I remembered a teaching from Dharmavidya whilst contemplating the complexities of the 'Self Perfection Project' recently. The classical spiritual analogy of 'The Wolves of Desire' presents an ultimatum of sorts. The wolves represent our primal instincts which have become distorted in the lifelong pursuit of pleasure, and tendency towards that which is bad for us. According to the proverb, if we nurture the beasts that arise in the form of gratification and indulgence we make them stronger and more hungry and we set ourselves up to be overcome with greed again in the future. So which wolf are we supposed to feed if we are to maintain a sense of serenity and to preserve our spiritual integrity? The official answer is, the one that is the most virtuous. We are expected to accept and nurture the good ones whilst all the others get beaten back! For me this is a minefield of guilt, shame, frustration and more of the repression that makes me sick.  

I once had a dog called Frank. We were very good friends. Frank had a very specific set of needs, if these needs were not met he could be very troublesome.  Because Frank couldn't tell me what he needed he would get frustrated and eat everything, and I mean EVERYTHING! Copper pipes, plastic tubs, his own extra strength plastic bed base, watches and cushions were all on the menu if he felt neglected. Over time I worked out that if I walked him a lot, fed him enough and loved him as much as he wanted, he was much more manageable and pleasant to live with. Frank was an explicit reflection of my inner wolves. Even though I didn't realise this at the time, the lesson remains for me to learn from and some fifteen years later it's significance is very relevant!  

Dharmavidya taught me that, to acknowledge my needy wolves and feed them a moderate amount of what they want is to render them less ferocious and reduce the negative influences that they can have in my life. This can make for more freedom in the spiritual sense and more spacious encounters with otherness as I become more available for the world. This and Frank's lesson from the past, showed me that I can't afford to ignore or neglect any parts of myself and that any attempts to do so, any denial of my human nature, are tantamount to Spiritual Materialism, which could be considered one of the main stumbling blocks of the spiritual life.

 So now my job is to learn to give myself a break, which is not as easy as it sounds, by the way.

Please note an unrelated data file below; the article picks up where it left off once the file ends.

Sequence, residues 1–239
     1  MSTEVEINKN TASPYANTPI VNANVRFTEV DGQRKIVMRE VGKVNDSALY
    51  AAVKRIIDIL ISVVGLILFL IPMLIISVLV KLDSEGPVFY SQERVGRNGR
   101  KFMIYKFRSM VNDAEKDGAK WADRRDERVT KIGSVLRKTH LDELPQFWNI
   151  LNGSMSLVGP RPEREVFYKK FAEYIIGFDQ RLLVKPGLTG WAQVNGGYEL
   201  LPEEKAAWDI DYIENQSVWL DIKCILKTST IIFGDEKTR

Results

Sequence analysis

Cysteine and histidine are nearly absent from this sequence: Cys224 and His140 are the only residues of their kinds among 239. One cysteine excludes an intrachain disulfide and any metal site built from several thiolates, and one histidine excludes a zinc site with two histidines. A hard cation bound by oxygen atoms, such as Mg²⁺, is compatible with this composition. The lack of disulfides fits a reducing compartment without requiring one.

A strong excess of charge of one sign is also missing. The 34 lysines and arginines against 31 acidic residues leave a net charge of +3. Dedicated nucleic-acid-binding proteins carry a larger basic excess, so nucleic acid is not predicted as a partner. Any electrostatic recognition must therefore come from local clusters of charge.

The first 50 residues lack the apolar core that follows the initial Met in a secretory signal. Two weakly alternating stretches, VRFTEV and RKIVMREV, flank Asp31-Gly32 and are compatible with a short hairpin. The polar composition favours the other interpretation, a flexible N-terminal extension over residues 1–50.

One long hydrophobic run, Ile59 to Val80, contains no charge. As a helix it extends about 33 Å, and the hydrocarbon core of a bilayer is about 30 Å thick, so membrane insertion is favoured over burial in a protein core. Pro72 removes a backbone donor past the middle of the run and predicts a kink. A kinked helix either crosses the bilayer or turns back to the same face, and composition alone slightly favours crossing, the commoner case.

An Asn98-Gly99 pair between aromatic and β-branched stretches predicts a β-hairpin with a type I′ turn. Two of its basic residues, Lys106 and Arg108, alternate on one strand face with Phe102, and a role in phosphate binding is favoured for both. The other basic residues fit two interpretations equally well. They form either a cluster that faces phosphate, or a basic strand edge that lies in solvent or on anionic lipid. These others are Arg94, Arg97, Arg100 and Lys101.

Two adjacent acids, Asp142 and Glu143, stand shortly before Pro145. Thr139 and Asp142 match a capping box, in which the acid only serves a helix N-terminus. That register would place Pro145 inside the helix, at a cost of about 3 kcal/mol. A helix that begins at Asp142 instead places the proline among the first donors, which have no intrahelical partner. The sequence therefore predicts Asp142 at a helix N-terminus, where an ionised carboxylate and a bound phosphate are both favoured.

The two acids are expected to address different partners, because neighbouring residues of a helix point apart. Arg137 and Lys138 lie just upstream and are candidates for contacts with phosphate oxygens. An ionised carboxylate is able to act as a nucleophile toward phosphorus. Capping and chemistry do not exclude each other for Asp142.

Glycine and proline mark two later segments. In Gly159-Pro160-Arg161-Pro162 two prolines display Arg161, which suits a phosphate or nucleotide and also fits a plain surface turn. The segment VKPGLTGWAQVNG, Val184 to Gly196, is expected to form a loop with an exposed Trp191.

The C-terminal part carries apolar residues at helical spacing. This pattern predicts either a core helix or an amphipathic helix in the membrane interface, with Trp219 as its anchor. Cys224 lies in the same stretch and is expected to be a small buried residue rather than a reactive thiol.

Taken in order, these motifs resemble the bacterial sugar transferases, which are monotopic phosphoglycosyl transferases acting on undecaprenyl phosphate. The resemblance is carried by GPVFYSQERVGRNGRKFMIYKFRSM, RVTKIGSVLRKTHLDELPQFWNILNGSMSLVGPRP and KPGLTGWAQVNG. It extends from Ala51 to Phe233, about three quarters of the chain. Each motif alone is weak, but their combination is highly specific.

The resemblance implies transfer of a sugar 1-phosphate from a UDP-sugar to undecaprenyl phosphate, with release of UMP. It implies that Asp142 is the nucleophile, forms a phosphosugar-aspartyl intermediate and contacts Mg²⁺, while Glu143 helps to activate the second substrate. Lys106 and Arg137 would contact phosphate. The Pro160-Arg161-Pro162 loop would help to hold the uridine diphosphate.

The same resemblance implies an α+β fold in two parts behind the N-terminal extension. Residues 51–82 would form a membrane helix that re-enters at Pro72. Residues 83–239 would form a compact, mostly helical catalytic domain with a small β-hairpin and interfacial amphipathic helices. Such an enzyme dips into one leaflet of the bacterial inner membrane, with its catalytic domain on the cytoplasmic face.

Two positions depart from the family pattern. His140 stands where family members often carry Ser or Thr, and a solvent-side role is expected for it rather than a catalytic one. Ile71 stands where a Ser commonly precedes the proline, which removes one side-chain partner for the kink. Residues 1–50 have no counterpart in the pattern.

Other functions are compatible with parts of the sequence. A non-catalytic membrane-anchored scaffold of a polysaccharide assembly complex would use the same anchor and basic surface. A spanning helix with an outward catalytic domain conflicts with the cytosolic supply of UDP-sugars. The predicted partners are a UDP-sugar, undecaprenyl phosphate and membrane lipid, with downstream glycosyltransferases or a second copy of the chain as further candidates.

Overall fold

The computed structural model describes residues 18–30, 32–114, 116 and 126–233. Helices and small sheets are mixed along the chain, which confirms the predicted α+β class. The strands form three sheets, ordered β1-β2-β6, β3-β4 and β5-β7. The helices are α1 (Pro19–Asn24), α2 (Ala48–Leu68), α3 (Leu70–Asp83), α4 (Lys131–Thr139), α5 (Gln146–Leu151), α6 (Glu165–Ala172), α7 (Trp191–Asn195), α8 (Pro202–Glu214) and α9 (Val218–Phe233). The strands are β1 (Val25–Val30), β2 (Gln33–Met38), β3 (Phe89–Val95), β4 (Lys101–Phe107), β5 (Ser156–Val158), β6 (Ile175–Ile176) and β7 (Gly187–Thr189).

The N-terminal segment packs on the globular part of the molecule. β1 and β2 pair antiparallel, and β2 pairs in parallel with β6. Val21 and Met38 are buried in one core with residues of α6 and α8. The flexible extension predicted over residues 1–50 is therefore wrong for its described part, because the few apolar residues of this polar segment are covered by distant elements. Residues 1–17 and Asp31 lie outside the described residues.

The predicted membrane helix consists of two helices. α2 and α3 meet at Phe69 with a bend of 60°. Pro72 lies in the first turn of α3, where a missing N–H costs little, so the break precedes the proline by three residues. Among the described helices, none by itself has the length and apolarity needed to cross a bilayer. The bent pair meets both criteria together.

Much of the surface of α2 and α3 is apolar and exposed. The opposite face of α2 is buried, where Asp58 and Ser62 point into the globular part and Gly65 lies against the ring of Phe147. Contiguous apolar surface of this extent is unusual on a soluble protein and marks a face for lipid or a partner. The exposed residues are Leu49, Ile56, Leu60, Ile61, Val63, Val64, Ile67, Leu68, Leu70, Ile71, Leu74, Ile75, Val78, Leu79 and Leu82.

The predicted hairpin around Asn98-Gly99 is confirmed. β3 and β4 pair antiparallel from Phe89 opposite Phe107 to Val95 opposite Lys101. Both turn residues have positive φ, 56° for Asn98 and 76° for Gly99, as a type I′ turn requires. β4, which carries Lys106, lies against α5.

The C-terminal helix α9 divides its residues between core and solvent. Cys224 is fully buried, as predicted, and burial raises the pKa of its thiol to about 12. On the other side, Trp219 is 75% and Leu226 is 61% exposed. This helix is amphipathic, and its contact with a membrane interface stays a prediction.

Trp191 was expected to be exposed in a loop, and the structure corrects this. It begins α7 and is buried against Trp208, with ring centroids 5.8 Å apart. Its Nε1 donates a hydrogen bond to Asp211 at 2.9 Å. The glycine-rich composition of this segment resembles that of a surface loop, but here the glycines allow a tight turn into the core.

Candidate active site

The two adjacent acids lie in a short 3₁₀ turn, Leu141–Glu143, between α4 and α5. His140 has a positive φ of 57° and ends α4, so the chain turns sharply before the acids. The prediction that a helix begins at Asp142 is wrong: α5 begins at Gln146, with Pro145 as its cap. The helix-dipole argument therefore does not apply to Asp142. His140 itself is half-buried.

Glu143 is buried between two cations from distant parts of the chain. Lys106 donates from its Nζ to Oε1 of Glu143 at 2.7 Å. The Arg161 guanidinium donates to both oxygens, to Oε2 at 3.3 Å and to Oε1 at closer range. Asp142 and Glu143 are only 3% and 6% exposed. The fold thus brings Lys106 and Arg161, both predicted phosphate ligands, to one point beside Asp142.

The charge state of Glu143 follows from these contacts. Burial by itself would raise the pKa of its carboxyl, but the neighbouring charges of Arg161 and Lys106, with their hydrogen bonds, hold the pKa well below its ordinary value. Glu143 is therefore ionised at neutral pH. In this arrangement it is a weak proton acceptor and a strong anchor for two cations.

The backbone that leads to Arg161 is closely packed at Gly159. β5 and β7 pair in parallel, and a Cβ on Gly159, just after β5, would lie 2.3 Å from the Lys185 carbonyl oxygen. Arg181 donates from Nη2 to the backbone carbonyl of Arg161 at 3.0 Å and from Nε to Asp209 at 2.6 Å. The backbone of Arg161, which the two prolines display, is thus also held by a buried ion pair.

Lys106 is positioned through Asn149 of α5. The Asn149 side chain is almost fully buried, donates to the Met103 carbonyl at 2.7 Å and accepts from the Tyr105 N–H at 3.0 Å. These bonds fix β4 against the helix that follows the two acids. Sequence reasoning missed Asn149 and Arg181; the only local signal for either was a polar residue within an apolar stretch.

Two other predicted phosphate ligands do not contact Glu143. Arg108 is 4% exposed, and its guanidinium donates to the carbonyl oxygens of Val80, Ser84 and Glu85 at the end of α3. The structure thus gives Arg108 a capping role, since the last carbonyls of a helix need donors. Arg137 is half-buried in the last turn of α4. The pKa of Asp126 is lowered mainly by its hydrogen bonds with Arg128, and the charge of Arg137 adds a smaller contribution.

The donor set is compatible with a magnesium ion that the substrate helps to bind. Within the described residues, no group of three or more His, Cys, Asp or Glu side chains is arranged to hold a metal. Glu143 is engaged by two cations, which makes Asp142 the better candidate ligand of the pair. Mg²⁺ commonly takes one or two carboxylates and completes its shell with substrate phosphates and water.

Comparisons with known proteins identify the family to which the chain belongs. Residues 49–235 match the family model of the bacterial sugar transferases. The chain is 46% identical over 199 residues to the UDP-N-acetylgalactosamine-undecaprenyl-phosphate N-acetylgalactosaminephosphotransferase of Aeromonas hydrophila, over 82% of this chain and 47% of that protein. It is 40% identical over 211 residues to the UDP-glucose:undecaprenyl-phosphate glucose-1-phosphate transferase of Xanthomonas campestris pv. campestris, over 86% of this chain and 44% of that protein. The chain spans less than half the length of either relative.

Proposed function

Namo Amida Bu(  :

Views: 37

Add a Comment

You need to be a member of David Brazier at La Ville au Roi (Eleusis) to add comments!

Join David Brazier at La Ville au Roi (Eleusis)

Comment by David Brazier on July 11, 2017 at 15:02

Nice. Thank you.

ITZI Conference 2017

Blog Posts

Shinran and Ippen

Posted by Dayamay Dunsby on April 16, 2018 at 8:00 0 Comments

On Saturday evening our regular study group met on Skype where we looked at and discussed material from "No Abode", a beautiful book about the life of Ippen, ancient Japanese Purland master and "The Essential Shinran" which documents the life of Shinran Shonin, one of Honen's most famous disciples. We had a very stimulating discussion which I enjoyed greatly. We will be meeting again on Saturday 19th May at 9pm British time. Please feel free to contact me if you would like to join us.…

Continue

Buddhism Day

Posted by Andrew Ralph Cheffings on March 28, 2018 at 15:46 1 Comment

I wasn't getting as much done as I intended to or 'needed' to in my previous mode of moving between lots of different activities, so I decided to devote one day a week to a particular activity, and this week I'm doing a Buddhism day. I've finally managed to get started on Vow 22, then I did some online research and catching up with mostly Buddhist emails, then I wrote a dharma talk. I plan to do a service run-through later. It's certainly easier for me to get things done this way. Namo Amida…

Continue

REMEMBERING SAIKO SENSEI

Posted by David Brazier on March 19, 2018 at 21:43 1 Comment

Today is the fourteenth anniversary of the death of Gisho Saiko. Sensei Saiko was the founder of Shinshu Counselling. He wrote a number of books and presented his ideas at international conferences as well as through his university and Buddhist organisations in Japan. He referred to my work in his books and when I visited Japan a few months before his death, he took on to invite me to a number of gatherings and hosted my wife and I in royal fashion. He was enthusiastic that I should play a…

Continue

Bombu Magic.

Posted by Dayamay Dunsby on March 14, 2018 at 10:31 0 Comments

''The lotus does not grow in the solid ground of lofty plateaus, but in the muddy ponds of lowland marshes. This is an analogy meaning that foolish beings, while in the mud of blind passions, put forth the blossoms of the Buddha's perfect enlightenment; This indicates the inconceivable power of the Tathagata's universal Primal Vow.''

From ''The Essential Shinran.''

© 2018   Created by David Brazier.   Powered by

Badges  |  Report an Issue  |  Terms of Service